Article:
Puerto Rico’s Top Bartender Is Shaking Up Cocktail Economics
It’s also one of the loneliest.
La Factoría suffers from a problem shared by Beirut’s Electric Bing Sutt, Cartagena’s Alquímico, Delhi’s Sidecar, Lima’s Carnaval, Stockholm’s Tjoget, and Tel Aviv’s Imperial—being the only top-tier game in town. The lack of competition means these places are seen as spots for special occasions. They rarely break into the normalcy of a packed Wednesday night; weekends and holidays as a business strategy can only take a business so far.
Leslie Cofresí, a La Factoría partner who has become its public face, has developed a solution to his solitude, shaking up cocktail economics in the process.
After years of being San Juan’s go-to bartender for mixology events, Cofresí has leveraged supplier relationships into a business, Licorería Miramar. It’s a commissary-style warehouse at which he and his Colectivo Icaro partners sell juices, garnishes, and craft ice at scale—not just for La Factoría, but for 20 clients that include the local Ritz-Carlton and Caribe Hilton (birthplace of the piña colada). Cofresí says Licorería handles the entire cocktail program for four clients, designing cocktails for the menu and supplying inventory.
The idea represents a pivot within high-end mixology, taking it from a niche, bar-by-bar program to a full-blown market that could reshape a city’s nightlife fortunes. Consultancies, such as Proprietors LLC from the founders of Death & Co., have existed for years in the industry but are almost wholly focused on bars’ debuts—not their later development.
“There comes a point where the cost of an apparently simple thing, multiplied by the volume needed, brings to light a series of hidden costs that aren’t normally considered when scale is not a factor,” says Cofresí. For prep work and mise-en-place, Licorería is akin to the cocktail industry’s version of Blue Apron—for instance, supplying ready-to-use citrus garnishes.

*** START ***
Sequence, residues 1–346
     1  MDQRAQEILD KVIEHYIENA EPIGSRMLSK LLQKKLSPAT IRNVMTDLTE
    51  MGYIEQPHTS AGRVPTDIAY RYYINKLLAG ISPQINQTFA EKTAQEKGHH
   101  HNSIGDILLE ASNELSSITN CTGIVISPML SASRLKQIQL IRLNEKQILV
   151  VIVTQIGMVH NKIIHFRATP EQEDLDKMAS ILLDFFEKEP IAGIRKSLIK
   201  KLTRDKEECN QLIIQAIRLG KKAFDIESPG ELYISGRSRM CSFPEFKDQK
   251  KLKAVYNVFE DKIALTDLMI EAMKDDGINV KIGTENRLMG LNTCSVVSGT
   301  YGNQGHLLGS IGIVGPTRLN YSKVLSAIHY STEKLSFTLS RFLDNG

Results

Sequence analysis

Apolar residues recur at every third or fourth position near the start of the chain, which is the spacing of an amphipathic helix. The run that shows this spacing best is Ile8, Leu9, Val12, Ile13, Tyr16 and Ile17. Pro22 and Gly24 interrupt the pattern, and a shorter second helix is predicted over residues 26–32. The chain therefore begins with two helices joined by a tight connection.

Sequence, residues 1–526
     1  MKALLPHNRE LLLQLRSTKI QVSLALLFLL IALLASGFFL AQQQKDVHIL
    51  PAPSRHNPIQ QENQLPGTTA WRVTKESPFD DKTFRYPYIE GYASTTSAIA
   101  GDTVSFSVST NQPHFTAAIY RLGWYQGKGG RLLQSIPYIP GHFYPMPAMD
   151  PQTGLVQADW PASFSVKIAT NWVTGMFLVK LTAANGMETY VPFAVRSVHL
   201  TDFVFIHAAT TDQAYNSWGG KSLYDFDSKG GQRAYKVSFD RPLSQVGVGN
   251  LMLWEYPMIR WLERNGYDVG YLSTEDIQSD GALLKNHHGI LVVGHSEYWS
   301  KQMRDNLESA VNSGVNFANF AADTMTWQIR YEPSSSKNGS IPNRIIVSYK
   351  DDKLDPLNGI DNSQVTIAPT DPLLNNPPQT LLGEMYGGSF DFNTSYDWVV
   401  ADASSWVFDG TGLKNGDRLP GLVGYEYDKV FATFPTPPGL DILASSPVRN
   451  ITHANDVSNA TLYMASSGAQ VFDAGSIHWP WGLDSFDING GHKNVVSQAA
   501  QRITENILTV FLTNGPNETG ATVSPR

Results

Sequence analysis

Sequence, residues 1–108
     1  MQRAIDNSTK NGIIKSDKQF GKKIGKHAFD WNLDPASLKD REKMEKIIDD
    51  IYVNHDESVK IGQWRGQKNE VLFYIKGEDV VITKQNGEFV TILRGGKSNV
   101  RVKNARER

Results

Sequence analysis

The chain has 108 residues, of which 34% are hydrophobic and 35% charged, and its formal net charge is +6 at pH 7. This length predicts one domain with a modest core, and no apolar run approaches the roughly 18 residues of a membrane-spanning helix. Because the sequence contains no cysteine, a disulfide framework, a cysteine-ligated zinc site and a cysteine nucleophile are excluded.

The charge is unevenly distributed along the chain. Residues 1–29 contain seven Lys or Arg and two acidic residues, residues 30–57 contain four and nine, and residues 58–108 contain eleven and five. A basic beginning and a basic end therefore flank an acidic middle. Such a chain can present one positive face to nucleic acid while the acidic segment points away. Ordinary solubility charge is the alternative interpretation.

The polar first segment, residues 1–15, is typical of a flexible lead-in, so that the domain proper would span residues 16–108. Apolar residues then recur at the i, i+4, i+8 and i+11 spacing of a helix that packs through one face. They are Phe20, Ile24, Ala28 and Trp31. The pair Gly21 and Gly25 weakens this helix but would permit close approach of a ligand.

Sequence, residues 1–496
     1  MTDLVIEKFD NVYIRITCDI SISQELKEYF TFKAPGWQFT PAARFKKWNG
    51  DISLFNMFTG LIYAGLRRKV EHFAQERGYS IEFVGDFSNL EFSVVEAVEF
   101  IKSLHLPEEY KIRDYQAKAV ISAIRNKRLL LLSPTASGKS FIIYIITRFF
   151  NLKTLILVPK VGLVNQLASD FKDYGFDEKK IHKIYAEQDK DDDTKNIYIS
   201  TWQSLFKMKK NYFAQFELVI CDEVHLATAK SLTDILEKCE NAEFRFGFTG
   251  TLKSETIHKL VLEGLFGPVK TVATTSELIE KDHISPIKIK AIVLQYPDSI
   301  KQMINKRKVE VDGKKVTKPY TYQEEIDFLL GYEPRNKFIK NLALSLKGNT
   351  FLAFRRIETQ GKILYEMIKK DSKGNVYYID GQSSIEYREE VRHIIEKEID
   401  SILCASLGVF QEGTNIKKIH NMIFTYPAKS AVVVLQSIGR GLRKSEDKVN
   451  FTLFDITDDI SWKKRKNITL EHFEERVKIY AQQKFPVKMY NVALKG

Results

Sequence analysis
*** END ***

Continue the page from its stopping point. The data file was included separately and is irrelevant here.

“The process of growing a business requires letting go of micromanaging a lot of simple things to focus resources on the things that really push growth,” he continues. That many top-tier bartenders have notorious egos and wouldn’t warm to a plug-and-play solution is an issue Licorería sidesteps by focusing on new growth.
Put plainly, high-end mixology’s artfulness has become impractical. What starter bar can afford a $800 centrifuge for clarifying juices or a $300 sous vide machine for optimal simple syrup—let alone train its staff on the gizmos? That’s money and time thrown into long-term prospects instead of short-term profits.
Even simple tasks can weigh on ledgers. Consider more efficient uses for a $15 an hour worker than slicing fruit that’s merely a drink accoutrement. Or the time lost in constantly reevaluating suppliers to see if their prices have changed since the last delivery.
Take limes: Cofresí says a case of the citrus varies from $38 to $65, spiking as high as $80 recently. By contrast, Licorería has locked in the price of a quart of lime juice at $19—the year-round average, according to Cofresí.
“It’s a cheat sheet,” says Micah Melton, beverage director of Chicago’s Alinea Group and the influential Aviary bar. “Leslie’s giving an NFL playbook to high school teams, so off the bat you’re set up for success.” He continues: “It’s a great way to kickstart an overall cocktail city. You need that framework of four or five places, a culture of beverage. An operation like that helps jumpstart citywide culture.”
Not that the idea is without risk. “This only works if the person is doing the right thing well,” says Don Lee, a New York titan of avant-garde mixology who ran the apprentice program at Tales of the Cocktail, the world’s biggest bartending conference. He notes that if one thing is spoiled, it will be spoiled at multiple bars instead of just one.
“What’s the acceptable risk?” he adds. “Even if I’m doing everything right, how do I trust they’ll receive the stuff I’m giving them correctly? Refrigerate it properly? I wouldn’t trust that.”
Undeterred, Cofresí is planning expansions that include using product from Licorería’s own farms—such staples as ginger, mint, and passion fruit, as well as citrus—for end-to-end control. He calls it “farm to shaker.” Regional operations in Colombia and the Dominican Republic are next.
The Aviary’s Melton believes the pandemic-recovery timing is right. “You have this golden opportunity to change the norm and adjust and adapt your business models,” he says. “A new normal for a new clientele.”
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